First off, Edinburgh Castle sits atop the core of a Carboniferous (340 million year old) volcano, now called Castle Rock. The rock is impressively elevated above the surrounding glacially sculpted cityscape. The volcanic root formed a bit of a speed bump for Pleistocene glaciers moving from west to east. Castle Rock was more erosion resistant than surrounding sedimentary rocks, so it was left standing higher than the surroundings. But it also protected the sedimentary rocks in its lee – forming a giant crag and tail structure. The Royal Mile, which stretches from the Castle to Holyrood Palace rides on the tail of this structure – which gradually decreases in height and width away from the castle. In the Google Earth image below, I’ve maximized the vertical exaggeration and you can get some sense of it, though I can tell you that a more visceral understanding is achieved by walking up or down the Royal Mile.

Crag and tail of Edinburgh Castle and the Royal Mile

Crag and tail of Edinburgh Castle and the Royal Mile (image from Google Earth)

Within the castle itself, the glacial legacy is on display in the building stones, which show a remarkable diversity of lithologies, both those found locally and those farther afield in Scotland. It is likely that castle builders would have made use of the rocks left on the landscape when the glaciers retreated, but the ice caps would have given them plenty of variety. In the middle of the photo below, I think we are looking at the Old Red Sandstone, which has an important place in the history of geology and of paleontology.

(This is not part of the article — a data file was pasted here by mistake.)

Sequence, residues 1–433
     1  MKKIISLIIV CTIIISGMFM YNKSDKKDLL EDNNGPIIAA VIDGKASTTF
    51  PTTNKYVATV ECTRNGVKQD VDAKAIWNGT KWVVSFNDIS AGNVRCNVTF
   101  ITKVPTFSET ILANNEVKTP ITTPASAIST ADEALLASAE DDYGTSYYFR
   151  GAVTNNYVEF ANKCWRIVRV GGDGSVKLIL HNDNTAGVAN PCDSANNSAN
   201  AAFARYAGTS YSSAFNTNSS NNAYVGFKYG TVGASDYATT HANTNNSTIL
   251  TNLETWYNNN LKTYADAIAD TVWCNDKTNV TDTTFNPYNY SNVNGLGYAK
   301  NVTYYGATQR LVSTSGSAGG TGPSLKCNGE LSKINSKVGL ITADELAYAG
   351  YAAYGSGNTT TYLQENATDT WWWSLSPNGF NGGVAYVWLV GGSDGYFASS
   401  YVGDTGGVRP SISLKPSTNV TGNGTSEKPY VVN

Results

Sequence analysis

Stonework on St. Margaret's Chapel, the oldest extant building in Edinburgh Castle

Stonework on St. Margaret's Chapel, the oldest extant building in Edinburgh Castle (photo by A. Jefferson)

The stone construction seemed to vary between buildings and even parts of buildings within the castle. The photo above is from St. Margaret’s Chapel, built in the 12th century, and you can clearly see how the big rocks are matrix-supported by a sand and gravel cement. This wall is actually even different from other walls on the same building, where stones are much more rectangular, probably cut, and there is much less matrix, as shown in the photo below. The informative castle guidebook suggests that the wall pictured above may have been originally part of another structure, onto which St. Margaret’s chapel was built adjointly. I should also point out that the walls in St. Margaret’s chapel are incredibly thick (1 m or more), so there’s a lot of stone work we’re not even seeing from the outside.

St. Margaret's chapel showing variety of stone work

St. Margaret's chapel showing variety of stone work (photo by A. Jefferson)

Portcullis Gate and the Argyle Tower

Portcullis Gate and the Argyle Tower (photo by A. Jefferson)